Catholic Cults and Devotions: A Psychological Inquiry

By Michael P. Carroll | Go to book overview
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Conclusion

When the editors of the original Catholic Encyclopedia needed someone to write on popular devotions, they not-unexpectedly turned to Herbert Thurston. Athough the brief article that Thurston submitted (see Thurston I9I3f) was informative, Thurston was unable to recommend to his readers a general reference work that dealt with popular Catholic devotions. "There seems," he said in the bibliographical note at the end of the article, "to be no authoritative general work on [these] devotions." The best he could do was to refer readers to some of his own earlier articles in The Month and to a few works like earlier editions of Beringer ( 1925a; 1925b) that discussed the indulgences associated with different devotions. Not much has changed.

What Thurston called "popular devotions" were in all cases Catholic devotions with a transnational appeal. In the introduction to this book, I pointed out that these devotions have been ignored by psychoanalysts; in fact, they have also been ignored by almost all scholars interested in the study of religion. True, some scholars have occasionally described the practice of some particular devotion, like the Forty Hours or the Rosary, in some particular historical and social setting, and many of these studies have been cited in this book. But there have been no attempts to develop a systematic overview of these transnational devotions and no attempts to determine their general psychological appeal in any systematic way. Over the course of his own career, even Thurston seems to have lost interest in the subject.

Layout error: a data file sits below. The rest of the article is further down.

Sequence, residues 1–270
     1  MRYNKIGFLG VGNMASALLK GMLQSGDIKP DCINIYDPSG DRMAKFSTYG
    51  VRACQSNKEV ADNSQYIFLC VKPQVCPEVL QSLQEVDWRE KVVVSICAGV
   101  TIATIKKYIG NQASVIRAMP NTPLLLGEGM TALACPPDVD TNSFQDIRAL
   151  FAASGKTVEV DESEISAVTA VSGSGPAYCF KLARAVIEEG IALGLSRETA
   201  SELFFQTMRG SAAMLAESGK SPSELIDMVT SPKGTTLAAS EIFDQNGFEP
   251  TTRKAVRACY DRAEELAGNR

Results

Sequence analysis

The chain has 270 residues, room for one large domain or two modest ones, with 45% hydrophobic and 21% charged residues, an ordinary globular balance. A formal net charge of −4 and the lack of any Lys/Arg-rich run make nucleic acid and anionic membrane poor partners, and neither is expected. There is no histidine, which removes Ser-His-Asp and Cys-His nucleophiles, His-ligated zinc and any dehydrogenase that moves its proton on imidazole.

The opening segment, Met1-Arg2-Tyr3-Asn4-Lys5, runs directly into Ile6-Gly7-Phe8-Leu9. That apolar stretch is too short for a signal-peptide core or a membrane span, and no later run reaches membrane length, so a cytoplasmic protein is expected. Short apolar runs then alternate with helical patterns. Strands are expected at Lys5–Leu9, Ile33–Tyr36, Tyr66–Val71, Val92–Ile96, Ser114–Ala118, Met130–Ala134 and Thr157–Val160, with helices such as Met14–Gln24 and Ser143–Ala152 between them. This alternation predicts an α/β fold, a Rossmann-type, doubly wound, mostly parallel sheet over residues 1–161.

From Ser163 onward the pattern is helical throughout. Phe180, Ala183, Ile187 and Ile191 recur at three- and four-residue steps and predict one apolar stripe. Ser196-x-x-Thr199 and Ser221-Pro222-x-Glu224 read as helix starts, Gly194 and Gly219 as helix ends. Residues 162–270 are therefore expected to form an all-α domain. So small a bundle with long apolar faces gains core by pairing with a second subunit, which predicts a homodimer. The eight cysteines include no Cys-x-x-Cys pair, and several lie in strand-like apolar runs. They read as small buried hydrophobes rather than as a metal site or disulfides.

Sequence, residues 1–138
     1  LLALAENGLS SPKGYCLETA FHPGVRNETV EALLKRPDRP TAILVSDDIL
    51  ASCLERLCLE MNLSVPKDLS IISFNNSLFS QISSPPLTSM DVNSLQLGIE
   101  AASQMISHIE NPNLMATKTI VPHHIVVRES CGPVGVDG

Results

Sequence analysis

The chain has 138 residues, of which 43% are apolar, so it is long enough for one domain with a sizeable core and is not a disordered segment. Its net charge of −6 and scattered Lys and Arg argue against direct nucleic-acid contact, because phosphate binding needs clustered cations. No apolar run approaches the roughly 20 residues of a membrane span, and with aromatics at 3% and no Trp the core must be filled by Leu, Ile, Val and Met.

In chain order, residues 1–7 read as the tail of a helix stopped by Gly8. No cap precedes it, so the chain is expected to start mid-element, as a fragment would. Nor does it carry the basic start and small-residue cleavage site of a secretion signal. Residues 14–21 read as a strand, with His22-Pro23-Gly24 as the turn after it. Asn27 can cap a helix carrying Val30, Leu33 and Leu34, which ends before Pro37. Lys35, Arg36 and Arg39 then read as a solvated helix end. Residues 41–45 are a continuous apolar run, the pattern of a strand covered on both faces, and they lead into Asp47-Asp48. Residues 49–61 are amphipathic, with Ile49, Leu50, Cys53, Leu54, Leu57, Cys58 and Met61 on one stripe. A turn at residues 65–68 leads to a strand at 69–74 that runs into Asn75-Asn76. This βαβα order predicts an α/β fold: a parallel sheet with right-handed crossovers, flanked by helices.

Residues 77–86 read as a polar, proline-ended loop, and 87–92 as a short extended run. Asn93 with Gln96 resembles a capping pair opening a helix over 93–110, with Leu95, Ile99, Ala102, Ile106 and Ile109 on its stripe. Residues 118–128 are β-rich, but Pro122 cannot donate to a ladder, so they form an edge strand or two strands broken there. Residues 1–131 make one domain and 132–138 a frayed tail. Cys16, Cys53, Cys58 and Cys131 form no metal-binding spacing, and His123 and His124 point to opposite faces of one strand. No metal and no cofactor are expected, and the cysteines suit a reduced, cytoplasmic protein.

Crehan ( 1953, 46), Thurston's biographer, notes that there is a fairly obvious difference between Thurston's early articles, written before the First World War, and those written later. Whereas his early articles emphasized the popular devotions that had always been widely practised throughout the Catholic world, his later articles were more and more concerned with mysticism and spiritualism, and with related phenomena (like levitation, inedia, telekinesis, and so on). These later articles are the ones for which Thurston is today best known. His Physical Phenomena of Mysticism ( 1952), a

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